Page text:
Posted by on Oct 28, 2016 in Main |





‘The Kielder Forest experience’, was the title of the presentation given to society members at the October monthly meeting. Mr Robert Williams from Huddersfield Astronomy society, who is also, volunteer at the Keilder forest observatory.

Mr Williams explained that the location was chosen, as it is a pristine location to observe the night sky, as it is free of any light pollution. It has clear unobstructed views to all directions and is one of the best places to view the Milky Way,

Constructed In Douglas fir with larch cladding in 2008. The pier like building has two rotating turrets that house two permanent telescopes and an observation deck for private telescopes.

The turrets can be rotated through 350 degrees by a manually operated rack and pinion system.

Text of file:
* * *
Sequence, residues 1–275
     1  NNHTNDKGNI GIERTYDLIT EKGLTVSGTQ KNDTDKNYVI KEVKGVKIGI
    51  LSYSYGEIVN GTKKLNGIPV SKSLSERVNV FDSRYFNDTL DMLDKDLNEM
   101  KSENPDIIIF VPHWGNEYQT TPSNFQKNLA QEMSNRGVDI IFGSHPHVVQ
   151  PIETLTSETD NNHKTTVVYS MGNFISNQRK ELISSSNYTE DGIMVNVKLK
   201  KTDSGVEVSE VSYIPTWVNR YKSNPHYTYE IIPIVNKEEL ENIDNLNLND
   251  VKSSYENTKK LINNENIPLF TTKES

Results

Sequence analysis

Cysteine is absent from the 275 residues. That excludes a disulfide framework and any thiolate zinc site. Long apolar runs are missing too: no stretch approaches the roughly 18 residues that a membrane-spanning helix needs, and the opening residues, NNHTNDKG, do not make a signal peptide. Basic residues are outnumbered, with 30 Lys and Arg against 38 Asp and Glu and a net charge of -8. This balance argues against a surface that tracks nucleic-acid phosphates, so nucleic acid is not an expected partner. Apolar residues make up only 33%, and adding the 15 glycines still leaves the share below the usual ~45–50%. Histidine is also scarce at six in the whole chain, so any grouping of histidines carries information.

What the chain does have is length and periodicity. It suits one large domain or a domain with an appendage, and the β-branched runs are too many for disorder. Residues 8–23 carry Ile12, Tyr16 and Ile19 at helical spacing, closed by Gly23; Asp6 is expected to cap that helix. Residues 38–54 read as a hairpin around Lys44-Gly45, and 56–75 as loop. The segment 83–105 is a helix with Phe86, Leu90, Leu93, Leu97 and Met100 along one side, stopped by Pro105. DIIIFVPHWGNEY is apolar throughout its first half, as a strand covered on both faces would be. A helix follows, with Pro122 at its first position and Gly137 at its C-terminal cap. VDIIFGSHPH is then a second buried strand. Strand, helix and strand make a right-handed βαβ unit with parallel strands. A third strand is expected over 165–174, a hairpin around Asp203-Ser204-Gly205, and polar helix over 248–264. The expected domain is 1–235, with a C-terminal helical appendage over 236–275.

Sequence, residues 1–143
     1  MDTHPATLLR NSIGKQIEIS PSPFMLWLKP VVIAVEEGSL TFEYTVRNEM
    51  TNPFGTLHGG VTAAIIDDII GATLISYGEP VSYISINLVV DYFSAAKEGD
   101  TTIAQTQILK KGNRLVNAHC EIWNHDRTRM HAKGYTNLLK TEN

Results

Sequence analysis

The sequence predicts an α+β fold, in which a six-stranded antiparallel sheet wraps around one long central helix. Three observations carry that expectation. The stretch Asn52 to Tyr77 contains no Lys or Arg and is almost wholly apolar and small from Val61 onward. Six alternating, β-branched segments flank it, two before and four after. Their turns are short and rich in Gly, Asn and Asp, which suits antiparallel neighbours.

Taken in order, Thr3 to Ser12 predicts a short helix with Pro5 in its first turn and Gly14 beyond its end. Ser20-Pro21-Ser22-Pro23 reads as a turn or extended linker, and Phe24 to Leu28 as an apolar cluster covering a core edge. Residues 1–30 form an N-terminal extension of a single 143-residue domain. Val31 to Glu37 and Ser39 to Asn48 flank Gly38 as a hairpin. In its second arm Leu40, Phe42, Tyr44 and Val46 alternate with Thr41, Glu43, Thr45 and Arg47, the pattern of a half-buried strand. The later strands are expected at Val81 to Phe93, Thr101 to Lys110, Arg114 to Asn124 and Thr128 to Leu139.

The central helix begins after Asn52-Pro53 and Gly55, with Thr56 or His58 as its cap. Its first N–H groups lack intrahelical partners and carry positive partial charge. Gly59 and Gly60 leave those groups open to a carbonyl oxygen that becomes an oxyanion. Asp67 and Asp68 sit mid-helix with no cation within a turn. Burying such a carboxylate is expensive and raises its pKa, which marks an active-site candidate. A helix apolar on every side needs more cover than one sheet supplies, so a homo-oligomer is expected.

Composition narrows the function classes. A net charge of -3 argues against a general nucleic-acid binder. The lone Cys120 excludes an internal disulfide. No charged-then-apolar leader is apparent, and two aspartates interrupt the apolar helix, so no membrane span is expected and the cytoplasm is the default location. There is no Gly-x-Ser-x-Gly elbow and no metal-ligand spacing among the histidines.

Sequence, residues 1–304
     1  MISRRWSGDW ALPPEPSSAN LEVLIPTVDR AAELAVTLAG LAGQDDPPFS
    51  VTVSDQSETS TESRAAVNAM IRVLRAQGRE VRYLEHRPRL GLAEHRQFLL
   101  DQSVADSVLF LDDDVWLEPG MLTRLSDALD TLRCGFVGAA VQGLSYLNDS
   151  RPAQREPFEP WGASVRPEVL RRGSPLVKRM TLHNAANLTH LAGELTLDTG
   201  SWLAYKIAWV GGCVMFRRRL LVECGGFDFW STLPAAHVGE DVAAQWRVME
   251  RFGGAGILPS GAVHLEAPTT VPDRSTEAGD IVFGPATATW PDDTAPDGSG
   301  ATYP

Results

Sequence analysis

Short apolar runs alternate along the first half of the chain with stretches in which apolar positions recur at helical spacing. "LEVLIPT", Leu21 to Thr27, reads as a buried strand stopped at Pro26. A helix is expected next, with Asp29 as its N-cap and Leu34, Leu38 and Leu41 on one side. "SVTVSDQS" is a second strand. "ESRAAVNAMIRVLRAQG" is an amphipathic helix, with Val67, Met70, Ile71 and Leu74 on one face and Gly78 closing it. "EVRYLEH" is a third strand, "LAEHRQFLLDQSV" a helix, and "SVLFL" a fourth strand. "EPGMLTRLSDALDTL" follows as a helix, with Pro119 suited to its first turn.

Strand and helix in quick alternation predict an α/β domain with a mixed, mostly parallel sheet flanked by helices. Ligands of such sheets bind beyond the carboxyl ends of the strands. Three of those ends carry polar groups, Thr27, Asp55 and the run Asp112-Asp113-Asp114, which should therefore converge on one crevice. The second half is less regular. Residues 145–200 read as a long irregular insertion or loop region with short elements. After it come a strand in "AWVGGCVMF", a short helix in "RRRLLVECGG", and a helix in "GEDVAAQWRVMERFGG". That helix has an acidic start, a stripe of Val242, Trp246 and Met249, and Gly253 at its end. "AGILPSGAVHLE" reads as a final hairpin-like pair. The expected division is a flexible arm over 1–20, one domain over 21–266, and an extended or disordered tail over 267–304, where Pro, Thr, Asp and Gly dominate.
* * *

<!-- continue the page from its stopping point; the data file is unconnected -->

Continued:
The observatory generates its own electricity from a wind turbine and photovoltaic panels.

It was designed with the specific purpose for amateur astronomers and outreach work.


One of the permanent telescopes is a computer operated Meade 14 inch in the small turret, attached to a warm room where astronomers can operate it remotely, or give talks to groups of visitors. The other large turret houses a manual 20-inch split-ring equatorial telescope for the hands on experience, accessed by a circular ramp.


Mr Williams explained the Star camp and Stargazing events; and offered advice on local places to reside and other local amenities. He rounded off his presentation with a series of stunning photographs of deep sky objects that he had taken himself whilst on one of his many visits to the observatory.









The 14 inch computer operated Meade telescope.







The larger 20 inch telescope



The Milky Way as seen on a time lapse image from the observatory